Humana Inc said on Wednesday that it received 202,000 applications for Obamacare health insurance plans, many of them from young people, but still gave a wide forecast for 2014 profit as it waits to see the demographics of future customers.
The U.S. health insurer made the disclosure as it reported a fourth-quarter loss due to a $243 million charge to set aside financial reserves for a group of long-term care policies that it no longer sells.
President Barack Obama's national healthcare reform law, often called Obamacare, set up state-based insurance exchanges to let individuals buy policies with income-based subsidies.
Enrollment in exchange products has been hampered by technology problems both with HealthCare.gov, the online marketplace for 36 states, and in some of the other 14 states that run their own sites.
In November, Obama asked insurers to allow old policies to be extended under political pressure to keep a promise he had made that people who liked their plan, could keep their plan. On Monday, the Congressional Budget Office lowered its estimate for total exchange enrollment to 6 million, citing these extensions. The government has said about 3 million people have signed up so far.
Humana, which previously cut its outlook for sign-ups by at least half because of the technology failures, said it saw that more customers than usual were extending their old health plans.
Because of the light enrollment, Humana said it expects that it will not get the proportion of healthy and sick customers that it had expected.
Still, Chief Executive Officer Bruce Broussard said that its first look at enrollees so far shows that they are "scaling a bit more to the younger side."
Young people, typically defined as adults under age 35, have fewer medical problems and are less expensive to insure, making them an important element to ensure the long-term viability of the exchanges.
"This could potentially mitigate some of the adverse impact associated with the risk pool deterioration from our higher membership in non-ACA compliant plans," Broussard said, in reference to plans that do not meet the criteria of the Affordable Care Act, also known as Obamacare.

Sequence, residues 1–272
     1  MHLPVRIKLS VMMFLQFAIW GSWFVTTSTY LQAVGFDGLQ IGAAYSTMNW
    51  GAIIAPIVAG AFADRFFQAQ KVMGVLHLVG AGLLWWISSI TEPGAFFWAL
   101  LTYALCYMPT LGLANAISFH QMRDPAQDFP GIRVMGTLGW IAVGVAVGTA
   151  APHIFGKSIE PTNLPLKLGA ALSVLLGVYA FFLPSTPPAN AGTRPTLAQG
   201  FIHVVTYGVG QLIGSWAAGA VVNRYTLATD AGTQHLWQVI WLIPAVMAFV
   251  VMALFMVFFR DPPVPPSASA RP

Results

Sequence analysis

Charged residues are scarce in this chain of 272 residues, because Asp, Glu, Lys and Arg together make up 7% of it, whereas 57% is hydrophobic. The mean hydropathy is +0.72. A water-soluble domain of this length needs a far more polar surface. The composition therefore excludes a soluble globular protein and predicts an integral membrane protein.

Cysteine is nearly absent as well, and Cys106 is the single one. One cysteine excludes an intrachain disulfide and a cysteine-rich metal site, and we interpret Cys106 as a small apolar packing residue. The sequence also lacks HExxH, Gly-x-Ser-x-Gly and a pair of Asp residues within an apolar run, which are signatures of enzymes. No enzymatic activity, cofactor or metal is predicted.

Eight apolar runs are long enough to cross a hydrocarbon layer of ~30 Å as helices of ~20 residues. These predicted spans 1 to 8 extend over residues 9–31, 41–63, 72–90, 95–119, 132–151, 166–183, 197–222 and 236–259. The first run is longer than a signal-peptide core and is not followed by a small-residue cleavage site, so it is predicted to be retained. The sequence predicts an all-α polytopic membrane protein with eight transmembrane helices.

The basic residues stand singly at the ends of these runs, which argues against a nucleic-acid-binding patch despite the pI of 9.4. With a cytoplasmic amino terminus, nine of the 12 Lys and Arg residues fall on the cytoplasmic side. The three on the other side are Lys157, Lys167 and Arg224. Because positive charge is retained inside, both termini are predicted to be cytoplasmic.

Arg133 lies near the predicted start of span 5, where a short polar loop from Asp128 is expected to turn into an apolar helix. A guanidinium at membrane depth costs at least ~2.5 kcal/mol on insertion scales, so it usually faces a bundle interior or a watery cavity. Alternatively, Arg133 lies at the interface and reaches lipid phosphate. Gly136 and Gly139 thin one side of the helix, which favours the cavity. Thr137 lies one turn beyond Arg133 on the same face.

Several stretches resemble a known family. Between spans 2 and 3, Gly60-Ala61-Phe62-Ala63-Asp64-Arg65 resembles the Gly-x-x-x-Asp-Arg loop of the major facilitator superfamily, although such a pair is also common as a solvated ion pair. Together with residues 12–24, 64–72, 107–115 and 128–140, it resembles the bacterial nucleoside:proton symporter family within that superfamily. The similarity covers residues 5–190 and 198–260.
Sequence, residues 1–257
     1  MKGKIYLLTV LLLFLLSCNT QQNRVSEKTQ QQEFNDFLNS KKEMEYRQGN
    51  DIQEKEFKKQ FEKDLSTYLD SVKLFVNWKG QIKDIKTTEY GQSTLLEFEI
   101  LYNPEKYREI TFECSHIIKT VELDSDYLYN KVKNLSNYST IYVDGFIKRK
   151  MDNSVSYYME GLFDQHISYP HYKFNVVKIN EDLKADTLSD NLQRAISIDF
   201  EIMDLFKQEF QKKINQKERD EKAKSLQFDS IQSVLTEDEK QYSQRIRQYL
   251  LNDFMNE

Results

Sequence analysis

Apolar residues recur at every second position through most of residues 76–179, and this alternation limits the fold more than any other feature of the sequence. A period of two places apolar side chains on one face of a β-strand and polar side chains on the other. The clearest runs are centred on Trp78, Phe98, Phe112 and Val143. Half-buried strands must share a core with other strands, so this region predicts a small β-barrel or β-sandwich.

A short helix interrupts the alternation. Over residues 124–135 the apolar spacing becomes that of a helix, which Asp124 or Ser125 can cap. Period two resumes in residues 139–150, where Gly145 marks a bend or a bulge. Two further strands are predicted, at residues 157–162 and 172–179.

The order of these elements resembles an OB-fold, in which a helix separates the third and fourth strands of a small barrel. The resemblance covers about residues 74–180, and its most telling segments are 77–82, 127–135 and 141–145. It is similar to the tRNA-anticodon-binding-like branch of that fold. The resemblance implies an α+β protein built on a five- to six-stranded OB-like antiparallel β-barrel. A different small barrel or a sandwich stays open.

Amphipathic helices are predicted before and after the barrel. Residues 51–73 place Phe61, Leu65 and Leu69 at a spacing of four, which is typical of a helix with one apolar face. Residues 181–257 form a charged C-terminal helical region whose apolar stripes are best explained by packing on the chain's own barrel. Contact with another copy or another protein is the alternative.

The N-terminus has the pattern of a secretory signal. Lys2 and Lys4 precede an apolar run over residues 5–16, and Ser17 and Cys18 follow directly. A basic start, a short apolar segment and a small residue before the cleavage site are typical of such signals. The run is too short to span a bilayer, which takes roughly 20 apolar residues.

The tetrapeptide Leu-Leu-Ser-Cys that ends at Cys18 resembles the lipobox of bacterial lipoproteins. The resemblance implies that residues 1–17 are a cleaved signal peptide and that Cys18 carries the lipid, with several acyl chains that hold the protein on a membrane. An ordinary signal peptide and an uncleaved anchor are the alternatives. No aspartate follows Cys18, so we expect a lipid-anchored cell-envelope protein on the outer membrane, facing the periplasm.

Humana also said that costs of these patients interacting with its customer service centers have been higher than it anticipated.
WAITING ON PRIVATE MEDICARE RATES
Broussard also painted an uncertain outlook for its private Medicare Advantage business, which accounts for two-thirds of its revenue. The government is expected to announce 2015 reimbursement rates for private Medicare on February 21 that he said could cut funding by 6 percent to 7 percent.
Humana shares fell 1.3 percent to $96.25 while shares of competitors Aetna Inc, UnitedHealth Group Inc, WellPoint Inc and Cigna gained. Aetna and Cigna also report this week.
"It all falls back to Medicare Advantage reimbursement rates and what is going to end up being the ultimate enrollment demographics for the exchanges. It looks pretty reasonable to me for the most part, but there is still a lot of uncertainty," said Vishnu Lekraj, an analyst at Morningstar.
Humana's number of exchange applications - 202,000 by January 31 - compares with the 400,000 people that competitor WellPoint Inc said it had signed up on the exchanges when it announced results last month. Both are in 14 states.
For 2014, Humana said it expected its total individual membership, which includes plans sold to people outside the exchanges, to be flat to up 100,000.
Besides health plans, Humana also provides dental, vision and other supplemental health and financial products. Most of its revenue comes from the sale of private Medicare plans.
Humana said that it still expected to spend 50 cents to 90 cents per share on investment and startup expenses for new state-based Medicaid contracts and the state-based insurance exchanges this year, affirming details it gave in January.
The company also backed its 2014 earnings outlook, also presented in January, of $7.25 to $7.75 per share, compared with $7.73 in 2013.
LOSS REFLECTS POLICYHOLDER COSTS
Humana reported a fourth-quarter loss of $30 million, or 19 cents per share, compared with year-earlier earnings of $192 million, or $1.19 per share.
Excluding the 99-cent-per-share expense, the company would have posted a profit of 80 cents per share. On that basis, analysts were expecting earnings of 94 cents, according to Thomson Reuters I/B/E/S.
Revenue rose to $10.19 billion from $9.56 billion as the company's individual and Medicare businesses signed up more people.
The company spent 85.8 percent of its policy premiums on benefits, up from 83.7 percent a year earlier, due primarily to the $243 million set aside to strengthen reserves in that closed block of long-term care policies that it took on in 2007 with the acquisition of KMG America.
Humana said it had adjusted the reserves to reflect policyholder longevity, increased in-home healthcare use and lower interest rates.
Humana said it is considering strategic alternatives for that business.
During the quarter, Humana said costs increased in its retail segment because of spending on the exchanges and Medicaid contracts as well as some higher marketing expenses for new Medicare products.
(Reporting by Caroline Humer; Editing by Lisa Von Ahn and Jan Paschal)